[vc_row][vc_column width=”2/3″][vc_column_text]Around 800 years ago, the noble Samoan warrior Karika was one of Polynesia’s great seafarers, an explorer who regarded the Pacific Ocean without fear – a moving, fluid highway to sail upon and discover new lands. Legend says that Karika left his home island of Manua, east of Samoa, with 140 warriors onboard two vaka Te Au O Tonga and Te Au Ki Iti. When Karika left Manua with his two vaka, it was for the last time.
One of the ancient seafarer’s modern-day descendants is Kamoe Mataiapo – Ian Karika. Ian is part of the Cook Islands traditional ocean voyaging team who attributes his longing to sail the Pacific using traditional methods to his ancestor. Ian, President of the Cook Islands Voyaging Society is a seasoned sailor.
Gifted in performing arts and renowned for his fire dancing skills, Ian was approached almost 20 years ago by Cook Islands traditional navigator Tua Pittman to help with the construction of vaka Te Au O Tonga, for its inaugural voyage to Hawaii. Sir Thomas Davis was largely responsible for the revival of traditional sailing in the Cook Islands and for designing and building both Takitumu and Te Au O Tonga.
The decision to swap performing arts for voyaging was not difficult for Ian and one that has been “very fulfilling” since. Ian says that our ancient voyagers were intrepid, they did not see the oceans as a barrier but more of a pathway. There was never any fear of being lost at sea while armed with their traditional navigation, and the joy of discovering new islands. In 2010 Ian sailed on board replica of Te Au O Tonga, Marumaru Atua from Auckland to Cook Islands with Uto Ni Yalo, Faafaite and Gaualofa, and that was the beginning of the four year Te Mana O Te Moana Voyage, funded by the Pacific Voyagers Foundation. In 2012 the foundation gifted the vaka to the people of the Cook Islands.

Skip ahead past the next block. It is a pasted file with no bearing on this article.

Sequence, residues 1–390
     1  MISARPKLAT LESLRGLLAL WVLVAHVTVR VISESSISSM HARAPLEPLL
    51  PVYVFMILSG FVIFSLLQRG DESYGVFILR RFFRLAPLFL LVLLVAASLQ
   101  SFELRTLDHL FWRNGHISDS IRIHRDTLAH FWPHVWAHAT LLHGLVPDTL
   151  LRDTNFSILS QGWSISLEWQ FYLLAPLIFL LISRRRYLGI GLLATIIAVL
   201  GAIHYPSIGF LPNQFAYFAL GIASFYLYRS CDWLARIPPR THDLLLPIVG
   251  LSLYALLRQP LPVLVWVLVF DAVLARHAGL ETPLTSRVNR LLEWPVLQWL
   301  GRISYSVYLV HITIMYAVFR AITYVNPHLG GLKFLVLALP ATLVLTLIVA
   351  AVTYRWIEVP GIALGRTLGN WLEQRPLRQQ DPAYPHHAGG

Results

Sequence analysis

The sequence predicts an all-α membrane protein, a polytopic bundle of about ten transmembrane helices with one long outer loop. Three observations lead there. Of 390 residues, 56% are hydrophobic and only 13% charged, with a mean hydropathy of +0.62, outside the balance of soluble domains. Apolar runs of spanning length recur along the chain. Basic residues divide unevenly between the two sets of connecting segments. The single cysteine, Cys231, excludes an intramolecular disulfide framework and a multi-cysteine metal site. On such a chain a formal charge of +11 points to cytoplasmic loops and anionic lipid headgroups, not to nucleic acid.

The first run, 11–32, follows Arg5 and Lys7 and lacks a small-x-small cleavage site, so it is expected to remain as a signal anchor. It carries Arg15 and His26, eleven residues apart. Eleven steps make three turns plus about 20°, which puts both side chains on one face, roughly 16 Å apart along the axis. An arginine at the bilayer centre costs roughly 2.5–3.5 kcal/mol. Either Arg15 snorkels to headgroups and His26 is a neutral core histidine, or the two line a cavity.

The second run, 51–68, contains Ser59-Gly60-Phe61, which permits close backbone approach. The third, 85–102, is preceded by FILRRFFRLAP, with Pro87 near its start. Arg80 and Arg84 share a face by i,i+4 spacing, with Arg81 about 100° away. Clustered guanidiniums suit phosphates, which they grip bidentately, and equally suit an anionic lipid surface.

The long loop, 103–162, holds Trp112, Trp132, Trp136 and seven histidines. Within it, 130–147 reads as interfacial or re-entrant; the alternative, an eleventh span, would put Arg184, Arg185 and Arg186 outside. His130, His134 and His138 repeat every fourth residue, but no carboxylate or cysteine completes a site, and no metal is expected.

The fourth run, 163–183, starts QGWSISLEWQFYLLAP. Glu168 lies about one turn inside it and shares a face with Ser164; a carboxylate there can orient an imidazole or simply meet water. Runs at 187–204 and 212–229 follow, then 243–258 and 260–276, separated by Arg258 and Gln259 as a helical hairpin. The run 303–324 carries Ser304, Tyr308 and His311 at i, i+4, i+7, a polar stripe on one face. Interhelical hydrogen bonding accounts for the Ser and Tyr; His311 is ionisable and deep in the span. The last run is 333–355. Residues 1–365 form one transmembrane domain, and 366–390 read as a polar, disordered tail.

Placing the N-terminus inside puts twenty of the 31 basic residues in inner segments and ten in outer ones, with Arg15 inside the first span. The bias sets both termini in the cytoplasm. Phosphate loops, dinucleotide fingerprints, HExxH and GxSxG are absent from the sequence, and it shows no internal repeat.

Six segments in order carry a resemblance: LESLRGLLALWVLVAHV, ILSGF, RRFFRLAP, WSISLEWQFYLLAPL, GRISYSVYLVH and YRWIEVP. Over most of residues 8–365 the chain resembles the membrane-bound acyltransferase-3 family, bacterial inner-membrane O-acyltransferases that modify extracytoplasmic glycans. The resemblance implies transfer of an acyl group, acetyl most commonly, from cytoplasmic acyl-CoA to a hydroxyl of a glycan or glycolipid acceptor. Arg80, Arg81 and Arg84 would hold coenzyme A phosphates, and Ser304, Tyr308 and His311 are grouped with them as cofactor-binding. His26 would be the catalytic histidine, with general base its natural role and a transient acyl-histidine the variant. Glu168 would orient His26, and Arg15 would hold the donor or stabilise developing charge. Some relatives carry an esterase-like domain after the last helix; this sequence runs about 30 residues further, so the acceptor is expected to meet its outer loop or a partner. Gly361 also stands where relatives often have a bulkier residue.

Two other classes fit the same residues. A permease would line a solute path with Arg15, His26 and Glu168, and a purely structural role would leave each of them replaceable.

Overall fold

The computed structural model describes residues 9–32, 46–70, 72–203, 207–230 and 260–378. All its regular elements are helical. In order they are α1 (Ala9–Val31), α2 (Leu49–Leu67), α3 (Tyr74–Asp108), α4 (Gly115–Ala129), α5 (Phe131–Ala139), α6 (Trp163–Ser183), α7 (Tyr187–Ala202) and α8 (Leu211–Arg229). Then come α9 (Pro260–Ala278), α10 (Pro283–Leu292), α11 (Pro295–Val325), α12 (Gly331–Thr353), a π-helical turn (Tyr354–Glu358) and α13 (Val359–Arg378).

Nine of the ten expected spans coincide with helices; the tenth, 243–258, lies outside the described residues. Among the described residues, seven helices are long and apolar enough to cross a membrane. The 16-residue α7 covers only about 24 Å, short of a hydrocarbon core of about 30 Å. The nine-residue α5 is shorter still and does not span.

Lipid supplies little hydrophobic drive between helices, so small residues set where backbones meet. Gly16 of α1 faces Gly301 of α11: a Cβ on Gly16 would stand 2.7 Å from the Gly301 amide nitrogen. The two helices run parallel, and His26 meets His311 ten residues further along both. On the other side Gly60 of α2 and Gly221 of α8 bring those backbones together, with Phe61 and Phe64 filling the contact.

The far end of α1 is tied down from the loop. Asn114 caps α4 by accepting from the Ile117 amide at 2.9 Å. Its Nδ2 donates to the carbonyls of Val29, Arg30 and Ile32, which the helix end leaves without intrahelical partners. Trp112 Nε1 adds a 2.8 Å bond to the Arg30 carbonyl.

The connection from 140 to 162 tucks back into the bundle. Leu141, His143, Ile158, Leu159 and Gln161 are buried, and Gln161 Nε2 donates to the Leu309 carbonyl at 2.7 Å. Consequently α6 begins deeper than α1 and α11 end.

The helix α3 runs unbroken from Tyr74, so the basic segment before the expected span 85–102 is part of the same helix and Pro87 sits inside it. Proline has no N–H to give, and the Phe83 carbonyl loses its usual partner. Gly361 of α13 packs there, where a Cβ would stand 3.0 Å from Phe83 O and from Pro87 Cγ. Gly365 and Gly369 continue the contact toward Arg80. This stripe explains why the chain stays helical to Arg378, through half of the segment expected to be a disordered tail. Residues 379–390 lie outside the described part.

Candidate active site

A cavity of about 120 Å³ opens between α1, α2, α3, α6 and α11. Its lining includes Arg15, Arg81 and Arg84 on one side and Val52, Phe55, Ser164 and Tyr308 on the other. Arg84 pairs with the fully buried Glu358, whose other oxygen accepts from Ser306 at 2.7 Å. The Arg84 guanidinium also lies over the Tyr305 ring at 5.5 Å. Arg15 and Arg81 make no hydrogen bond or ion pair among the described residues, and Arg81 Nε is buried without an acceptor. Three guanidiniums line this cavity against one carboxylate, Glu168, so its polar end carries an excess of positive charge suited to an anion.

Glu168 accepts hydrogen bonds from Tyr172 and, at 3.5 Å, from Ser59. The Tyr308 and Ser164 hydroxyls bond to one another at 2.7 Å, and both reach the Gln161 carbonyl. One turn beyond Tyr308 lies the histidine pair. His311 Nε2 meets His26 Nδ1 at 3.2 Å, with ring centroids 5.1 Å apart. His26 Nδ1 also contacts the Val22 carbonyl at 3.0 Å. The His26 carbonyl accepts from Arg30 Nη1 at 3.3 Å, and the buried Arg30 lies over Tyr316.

Ian’s last voyage was sail back from Suwarrow in 2013. Asked why it was important that the Cook Island Vaka (traditional boat) the Marumaru Atua collected the team from Suwarrow? “For the eradication team it wasn’t important, but for the Vaka crew and Cook Island community it was”, said Ian. “This is because Marumaru Atua’s role is to raise environmental awareness. For the crew to be involved in the baiting and support the conservation work raises the prominence of these issues in the Cook Islands”.
Kamoe Mataiapo Ian Karika devotes his time to the Takitumu Conservation Area and to vaka Marumaru Atua.[/vc_column_text][/vc_column][vc_column width=”1/3″][vc_widget_sidebar sidebar_id=”td-default”][/vc_column][/vc_row]